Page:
How Milk Becomes Cheese

Milk is an amazing dairy that can be turned into various food which taste totally different, like your favorite cheese. Milk contains two kinds of proteins, namely casein and whey, which are both essential factors in the cheese-making process. As milk gets old, bacteria grows rapidly and digests the milk sugar, thereby producing lactic acid which causes casein to curdle. It separates into lumps, gives the milk a sour smell, whereas the expired dairy ultimately becomes ‘cheesy.’ Blocks of cheese are made in the same manner, only the milk is purposefully curdled in a factory.


How Does Milk Become Cheese?


Starting from the basics, once a cow has a calf, the animal is deemed ready to provide milk. A farmer would milk cows three times a day, transferring milk straight into a cooler where it’s kept clean and cold. The milk will then be taken to a cheese plant where it will be tested for quality as well as purity. It will then be pasteurized to ensure product safety and uniformity. Good bacteria is added as part of the starter culture.


Starter Cultures, Calcium, Rennet


As the process initiates, milk is carefully stirred until it reaches the ideal temperature. Starter cultures are then added by the cheese maker, as well as calcium and rennet. The lactic acid bacteria is added to ferment lactose into lactic acid, which naturally preserves the cheese. Calcium is then added to the mix since milk’s natural calcium content has been primarily modified during its pasteurisation.


The rennet enzyme is then incorporated to curdle milk and render it thicker. Back then, rennet was obtained from young cows’ or goats’ stomachs. Nowadays, it is acquired from bacteria and yeast which were genetically “taught” to produce the enzyme.


Milk Coagulation


The milk in the cheese-making process should remain completely calm for the rennet and starter cultures to work. The coagulation process yields milk in the right consistency that’s similar to a yoghurt, after a period of approximately 40 minutes.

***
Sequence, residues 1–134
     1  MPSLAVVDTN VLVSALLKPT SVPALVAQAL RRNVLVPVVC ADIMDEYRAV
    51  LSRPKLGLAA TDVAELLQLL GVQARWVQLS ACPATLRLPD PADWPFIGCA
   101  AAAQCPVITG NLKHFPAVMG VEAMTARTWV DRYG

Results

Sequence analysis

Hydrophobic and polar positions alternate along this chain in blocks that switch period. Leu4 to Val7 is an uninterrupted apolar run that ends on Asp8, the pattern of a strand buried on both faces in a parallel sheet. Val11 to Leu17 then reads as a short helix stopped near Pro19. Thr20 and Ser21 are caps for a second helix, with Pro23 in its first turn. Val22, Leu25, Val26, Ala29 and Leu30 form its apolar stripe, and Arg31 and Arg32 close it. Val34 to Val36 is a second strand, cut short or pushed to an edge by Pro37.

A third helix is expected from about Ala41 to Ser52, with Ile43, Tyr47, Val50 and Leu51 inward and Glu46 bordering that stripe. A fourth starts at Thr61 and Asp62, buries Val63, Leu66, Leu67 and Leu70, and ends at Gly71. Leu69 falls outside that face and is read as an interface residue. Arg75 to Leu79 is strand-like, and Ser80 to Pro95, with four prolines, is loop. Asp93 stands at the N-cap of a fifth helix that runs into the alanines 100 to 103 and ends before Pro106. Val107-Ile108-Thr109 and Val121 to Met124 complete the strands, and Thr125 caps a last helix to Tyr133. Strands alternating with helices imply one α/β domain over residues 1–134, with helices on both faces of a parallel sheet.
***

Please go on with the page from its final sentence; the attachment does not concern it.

Slicing Soft Cheese Curd


Soft cheese curd is then cut into grains or smaller pieces to release more whey. The smaller curd grains are, the harder cheese will be. Curd grains gradually separate from watery whey, which are both stirred slowly for about half an hour. The curd grains are put to rest to allow it to sink towards the bottom, slowly becoming more dense in the process as its weight presses whey out.


Cheese Creation


Creating cheese entails the addition of warm water to thin out lactose or the “fertile soil” to control fermentation. At this point, curd grains would have ultimately achieved its desired consistency and firm enough to be baled into different cheese shapes.


Young Cheese


Gravity produces a single mass of curd grains and any remaining whey in the form of thin liquid will flow out. For cheese to form evenly, a cheese maker typically follows through after 10 minutes, an hour later, and in the late afternoon. The next morning, cheese is dipped early on into a salt bath to absorb the salt, which would take about two hours. Salt is quite helpful for firming up the milk and preventing it from spoiling in a wrong way. The bigger and harder cheese is, the longer it must be left in the salt bath until a thin crust forms around it.


Mold Show


The right conditions must be met in a ripening. When additional whey is drained from curds, solid clumps of casein are often left behind which are then pressed into molds. Cheese left to age for varied periods of time depending on what kind of cheese you’re actually trying to make.


The choice of bacteria usually has a dramatic impact on the taste, look, and smell of cheese. Factor in the animal that primarily produced the milk, what the cow or goat was fed, the bacteria used for the starter culture, and how cheese was processed, this explains why there’s such a wide array of cheeses that can be made. The time fermentation takes also has a major effect on the type of cheese that’s produced. Limburger cheese is one of the stinkiest varieties of cheese, which derives its smell from the bacteria used during cheese-making. Swiss cheese is manufactured with bacteria that apparently produce carbon dioxide (CO2) when digesting lactose, whereas the bubbles create holes in the cheese.




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